Do you ever have those days when you work from your couch in sweatpants and don’t speak to a single soul? You send emails while blasting music and eating popcorn, just because you can.

Working from home has obvious perks: no dress code, no commute and a flexible schedule. But for a lot of entrepreneurs and small business owners, independence comes at the cost of isolation.

It’s not as easy as water cooler talk with co-workers or company wide outings, but with a bit of creativity, you can develop a community while you build your business at home.

Here are six tips to help you to feel more connected:

1. Join Professional Organizations

Joining professional organizations and trade associations allows you to tap into networks as big as Fortune 500 companies. With a web of peers that big supporting you, what can’t you do?

Here are a few to get you started:

Attend organizational conferences and check out the local chapters of these groups. Utilizing powerful networks is a great way to start developing peer and mentor relationships. If you prefer a more casual approach, start by searching Meetup for a group of like-minded professionals in your area — you can connect with people over a drink after work.

Keep in mind that a feeling of belonging is essential to communities. As you seek out organizations to join, make an effort to focus on groups that mirror your values and goals.

2. Use the Buddy System

Remember how, at summer camp, you needed a buddy to go swimming with you? The same is true for entrepreneurship. No, you may not have a BFF at your home office, but it helps to have someone you can trust on speed dial.

Harvard Business Review noted that employees are seven times more likely to fully commit themselves to their work when they have a best friend in the office. Try to find a fellow entrepreneur who can help fill that role — you can give them a call when you’re stuck in challenge and can’t seem to dig your way out.

3. Find Your Third Place

Social psychologists say that a sense of community thrives in third places or public spaces that are not usually devoted to home and work. Even if it’s just for an hour or two, visiting a third place can revitalize your connection to a broader community.

A few times a week, leave your home office and bring your laptop with you to a local library, your favorite coffee shop or a nearby park. Some co-working spaces also allow you to use their common and recreational areas for a small monthly fee. This is a great way for you to tap into a community without committing to one.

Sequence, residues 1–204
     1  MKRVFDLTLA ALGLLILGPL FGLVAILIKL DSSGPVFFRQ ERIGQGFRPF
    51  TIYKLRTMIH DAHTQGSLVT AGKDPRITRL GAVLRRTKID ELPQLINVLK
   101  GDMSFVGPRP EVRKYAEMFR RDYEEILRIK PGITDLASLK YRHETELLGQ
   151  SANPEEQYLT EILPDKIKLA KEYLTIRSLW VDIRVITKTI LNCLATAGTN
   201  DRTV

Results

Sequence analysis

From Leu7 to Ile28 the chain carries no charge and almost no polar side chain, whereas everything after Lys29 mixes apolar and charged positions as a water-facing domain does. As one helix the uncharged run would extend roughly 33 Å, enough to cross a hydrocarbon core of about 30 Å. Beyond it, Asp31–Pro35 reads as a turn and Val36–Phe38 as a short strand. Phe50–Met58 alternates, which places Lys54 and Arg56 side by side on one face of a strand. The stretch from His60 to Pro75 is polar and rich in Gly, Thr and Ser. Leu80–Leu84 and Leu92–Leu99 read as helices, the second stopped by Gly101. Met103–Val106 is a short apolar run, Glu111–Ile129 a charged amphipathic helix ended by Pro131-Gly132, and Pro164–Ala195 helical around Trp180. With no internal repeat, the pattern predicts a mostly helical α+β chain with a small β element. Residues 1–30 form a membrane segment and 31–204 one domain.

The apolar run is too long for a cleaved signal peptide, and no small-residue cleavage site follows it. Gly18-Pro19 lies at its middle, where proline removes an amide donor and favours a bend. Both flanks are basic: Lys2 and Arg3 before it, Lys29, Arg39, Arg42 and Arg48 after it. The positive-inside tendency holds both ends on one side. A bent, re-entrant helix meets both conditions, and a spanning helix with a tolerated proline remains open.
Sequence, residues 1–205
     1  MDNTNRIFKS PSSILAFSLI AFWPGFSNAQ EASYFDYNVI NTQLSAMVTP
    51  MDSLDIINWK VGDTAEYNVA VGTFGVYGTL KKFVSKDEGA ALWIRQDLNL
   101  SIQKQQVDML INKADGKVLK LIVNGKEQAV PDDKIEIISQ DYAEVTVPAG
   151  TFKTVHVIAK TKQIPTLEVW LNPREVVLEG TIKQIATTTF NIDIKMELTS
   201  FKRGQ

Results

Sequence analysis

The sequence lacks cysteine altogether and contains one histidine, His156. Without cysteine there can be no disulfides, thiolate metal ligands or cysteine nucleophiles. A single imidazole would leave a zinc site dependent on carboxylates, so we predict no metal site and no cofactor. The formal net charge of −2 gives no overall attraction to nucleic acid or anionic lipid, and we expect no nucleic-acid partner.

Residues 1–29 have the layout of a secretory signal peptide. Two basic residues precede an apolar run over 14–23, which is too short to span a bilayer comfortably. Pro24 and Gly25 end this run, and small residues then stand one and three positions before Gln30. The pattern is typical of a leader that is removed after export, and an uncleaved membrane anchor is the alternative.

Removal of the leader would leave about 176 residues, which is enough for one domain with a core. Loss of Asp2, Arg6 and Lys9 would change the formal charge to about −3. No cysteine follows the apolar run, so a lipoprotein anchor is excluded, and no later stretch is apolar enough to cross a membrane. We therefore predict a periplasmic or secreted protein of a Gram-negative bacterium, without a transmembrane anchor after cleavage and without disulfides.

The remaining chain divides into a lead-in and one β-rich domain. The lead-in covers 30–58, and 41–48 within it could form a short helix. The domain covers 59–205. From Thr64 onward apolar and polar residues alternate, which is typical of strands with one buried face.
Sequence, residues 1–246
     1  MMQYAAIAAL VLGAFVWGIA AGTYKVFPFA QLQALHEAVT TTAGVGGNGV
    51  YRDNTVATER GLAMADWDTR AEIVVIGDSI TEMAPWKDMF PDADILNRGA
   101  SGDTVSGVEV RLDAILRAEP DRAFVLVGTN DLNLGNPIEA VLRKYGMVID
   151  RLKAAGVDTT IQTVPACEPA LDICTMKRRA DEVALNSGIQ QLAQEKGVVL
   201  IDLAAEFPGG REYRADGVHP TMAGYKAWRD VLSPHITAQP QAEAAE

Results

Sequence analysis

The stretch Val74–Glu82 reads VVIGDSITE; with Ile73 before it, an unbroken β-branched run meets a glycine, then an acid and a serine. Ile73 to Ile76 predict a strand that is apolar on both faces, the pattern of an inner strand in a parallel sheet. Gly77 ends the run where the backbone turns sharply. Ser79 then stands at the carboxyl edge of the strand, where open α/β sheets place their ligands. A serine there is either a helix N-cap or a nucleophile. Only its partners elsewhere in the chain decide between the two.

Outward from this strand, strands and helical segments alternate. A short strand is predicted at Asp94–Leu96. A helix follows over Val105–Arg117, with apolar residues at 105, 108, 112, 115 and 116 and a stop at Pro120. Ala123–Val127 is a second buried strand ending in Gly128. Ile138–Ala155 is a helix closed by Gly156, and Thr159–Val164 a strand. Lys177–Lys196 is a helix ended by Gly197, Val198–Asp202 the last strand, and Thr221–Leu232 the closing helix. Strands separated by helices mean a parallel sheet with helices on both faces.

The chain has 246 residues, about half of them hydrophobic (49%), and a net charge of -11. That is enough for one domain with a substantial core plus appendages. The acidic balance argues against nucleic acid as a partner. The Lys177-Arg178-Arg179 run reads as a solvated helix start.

If changing up your location breathes life into your days, consider investing in a portable modem that gives you access to Internet wherever you have cell service — it’s great for those of you who enjoy working in public places but need to be plugged in all the time.

4. Personalize Your Communication

We all love email. It’s fast, convenient and an easy avenue for work conversations. But by personalizing communication beyond the quick email, you can cultivate deeper connections.

According to Entrepreneur, a phone call is not only more personal, but it can also be clearer than an email, leaving clients and collaborators with a better sense of your next steps. Spread out your calls, video chats and in-person meetings throughout the week, so you speak to one or two people a day. When working with local clients, try to plan coffee or lunch meetings. Humanize your relationships as much as possible while keeping them in the professional zone.

5.  Go for a Pro-Bono Project

One of the hallmarks of a sense of community is goodwill toward others. By connecting your unique professional skills with an organization that can use your help, you invest in a supportive network of people who appreciate your work. Let’s say you work as an independent web designer and love dogs — reach out to a local animal shelter and see if they need help with their website.

Sites like Catchafire and VolunteerMatch make it easy to find non-profits that would benefit your expertise. The satisfaction and sense of connection you will feel outweighs any effort on your part.

6. Get Active

Group activities are great ways to bolster camaraderie. A lot of companies sponsor group softball games or corn hole leagues. Replicate that same bonding experience in your free time.


Great sites like ZogSports offer a wide array of intramural sports for professionals. Not into competition? Go to a local yoga studio during your lunch break. Seeing the same smiling faces over a few weeks will give you a zen-like feeling of community that will boost your productivity.

In Good Company

Your work as a small business owner requires that you dig deeper for community. Just because you ride solo doesn’t mean you should go it alone. In fact, the opposite is true. Making the effort means that you can enjoy the best of both worlds, reaping the benefits of community and the independence of forging your own path.

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